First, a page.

MURFREESBORO, Tenn. — Citing public health concerns, organizers have canceled the inaugural Songs for Service, a tribute scheduled for Sept. 11 in Middle Tennessee State University’s historic Murphy Center and hosted by singer-songwriter Rodney Atkins to honor troops, veterans and first responders.
University officials, led by retired U.S. Army Lt. Gen. Keith M. Huber, MTSU’s senior adviser for veterans and leadership initiatives, agreed to cancel the event because of the ongoing COVID-19 crisis and public health guidance that currently prohibits large public gatherings.
The event was to be a musical salute by Atkins and some of his music friends, and the musician and university officials continue talks about possibly rescheduling the event for September 2021.
With this year’s scheduled concert drawing closer and coronavirus pandemic uncertainties continuing, MTSU organizers said the pressures faced by the potential guest artists left only one choice — to cancel. Advance tickets ordered through the event’s website will automatically be refunded by Ticketmaster.
Atkins has agreed to prerecord a message and perform a song for the university’s upcoming virtual 9/11 Remembrance Ceremony scheduled Friday, Sept. 11, to commemorate the 19th anniversary of the terror attacks Sept. 11, 2001, in New York, Pennsylvania and the Pentagon.
It was at MTSU’s 9/11 ceremony last year that Atkins announced he would organize the 2020 tribute concert, which would benefit the Charlie and Hazel Daniels Veterans and Military Family Center and Operation Song.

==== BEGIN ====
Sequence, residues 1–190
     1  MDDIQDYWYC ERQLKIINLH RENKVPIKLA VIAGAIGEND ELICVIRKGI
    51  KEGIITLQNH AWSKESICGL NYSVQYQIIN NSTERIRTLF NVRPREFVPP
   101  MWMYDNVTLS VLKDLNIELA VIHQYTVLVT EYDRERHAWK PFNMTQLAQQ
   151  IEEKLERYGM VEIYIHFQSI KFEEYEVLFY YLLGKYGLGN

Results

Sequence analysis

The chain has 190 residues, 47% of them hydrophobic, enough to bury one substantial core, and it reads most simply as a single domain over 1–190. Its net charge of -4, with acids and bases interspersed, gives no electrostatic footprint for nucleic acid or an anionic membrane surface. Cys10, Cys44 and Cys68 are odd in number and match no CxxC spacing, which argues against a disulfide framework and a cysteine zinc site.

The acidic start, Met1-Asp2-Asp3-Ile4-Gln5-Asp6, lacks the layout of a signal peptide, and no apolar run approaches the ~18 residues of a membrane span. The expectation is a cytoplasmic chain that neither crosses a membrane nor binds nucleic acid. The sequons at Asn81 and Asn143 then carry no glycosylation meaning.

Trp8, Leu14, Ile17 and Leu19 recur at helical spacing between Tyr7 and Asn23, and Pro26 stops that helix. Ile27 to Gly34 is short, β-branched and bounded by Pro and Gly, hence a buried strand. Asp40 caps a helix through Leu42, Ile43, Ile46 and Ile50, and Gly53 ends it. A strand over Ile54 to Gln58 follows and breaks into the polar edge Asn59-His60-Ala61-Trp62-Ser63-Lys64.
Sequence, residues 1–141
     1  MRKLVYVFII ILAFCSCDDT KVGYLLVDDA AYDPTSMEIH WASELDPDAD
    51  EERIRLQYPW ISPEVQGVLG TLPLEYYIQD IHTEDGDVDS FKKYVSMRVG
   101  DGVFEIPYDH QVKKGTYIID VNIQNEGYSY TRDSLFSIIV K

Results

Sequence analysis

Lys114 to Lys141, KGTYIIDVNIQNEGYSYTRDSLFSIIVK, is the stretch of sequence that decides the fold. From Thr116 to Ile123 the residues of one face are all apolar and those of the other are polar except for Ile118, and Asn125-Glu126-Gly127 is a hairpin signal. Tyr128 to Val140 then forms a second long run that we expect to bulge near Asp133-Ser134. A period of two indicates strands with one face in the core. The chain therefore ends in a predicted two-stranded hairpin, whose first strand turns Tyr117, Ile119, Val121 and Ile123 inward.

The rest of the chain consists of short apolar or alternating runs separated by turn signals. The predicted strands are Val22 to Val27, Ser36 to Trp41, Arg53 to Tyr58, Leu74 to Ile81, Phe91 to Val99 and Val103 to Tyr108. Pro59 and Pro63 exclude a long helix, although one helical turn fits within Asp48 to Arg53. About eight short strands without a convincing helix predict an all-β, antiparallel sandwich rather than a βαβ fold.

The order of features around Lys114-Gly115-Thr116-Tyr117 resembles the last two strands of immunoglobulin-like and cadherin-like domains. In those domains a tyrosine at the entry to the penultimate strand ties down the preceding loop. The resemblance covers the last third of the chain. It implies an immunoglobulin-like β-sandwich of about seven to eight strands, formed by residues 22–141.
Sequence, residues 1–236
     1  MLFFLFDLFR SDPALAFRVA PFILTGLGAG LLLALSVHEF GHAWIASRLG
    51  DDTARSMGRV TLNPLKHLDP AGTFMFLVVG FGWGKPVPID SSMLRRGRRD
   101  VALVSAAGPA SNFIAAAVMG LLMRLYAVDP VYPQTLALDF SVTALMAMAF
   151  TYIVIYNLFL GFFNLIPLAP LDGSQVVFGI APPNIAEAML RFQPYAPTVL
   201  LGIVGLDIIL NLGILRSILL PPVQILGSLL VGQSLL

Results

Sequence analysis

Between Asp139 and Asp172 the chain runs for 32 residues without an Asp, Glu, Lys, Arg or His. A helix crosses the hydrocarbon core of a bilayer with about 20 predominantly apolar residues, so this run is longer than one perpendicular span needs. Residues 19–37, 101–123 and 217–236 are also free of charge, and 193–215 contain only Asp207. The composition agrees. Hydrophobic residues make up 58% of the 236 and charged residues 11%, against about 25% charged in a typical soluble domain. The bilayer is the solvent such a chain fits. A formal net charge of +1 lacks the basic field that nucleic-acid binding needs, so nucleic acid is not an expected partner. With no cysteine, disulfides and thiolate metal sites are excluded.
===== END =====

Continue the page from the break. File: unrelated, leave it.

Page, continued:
Operation Song is a nonprofit that pairs active-duty military, veterans and their family members with professional songwriters to tell their stories musically, while the Daniels Center is MTSU’s one-stop resource for student veterans and their families. Both were to share concert proceeds.
“I am sorry that this year we are not going to be able to come together in person to celebrate and remember our troops, veterans and first responders,” Atkins said. “We will continue to work with the Daniels Center and Operation Song to find ways to continue to help them do their great work even in these strange times and hope that people will continue to support them both.”
“Mr. Rodney Atkins has offered to provide comments and a song for this ceremony in a prerecorded mode,” Huber said. “We look forward to future possibilities to remember and honor our military and first responders with the gift of song.”
For Hilary Miller, the Daniels Center director, “adapt and overcome,” part of the unofficial slogan among U.S. Marines, is relevant in light of the cancellation.
“Adapt and overcome — words our students certainly live by — but also our partners and supporters who continue to do whatever they can, even in times of uncertainty, to support the Daniels Center and the military community,” said Miller. “We are always overwhelmed by their generosity and willingness to modify their plans. We are always thankful.”
Since opening in 2015, the Daniels Center, named in 2016 in honor of the late Country Music Hall of Famer Charlie Daniels and his wife, Hazel, has worked to assist active-duty military, veterans, and family members transition from military to college, then from college to a career. A strong veterans advocate, Daniels died July 6 at age 83.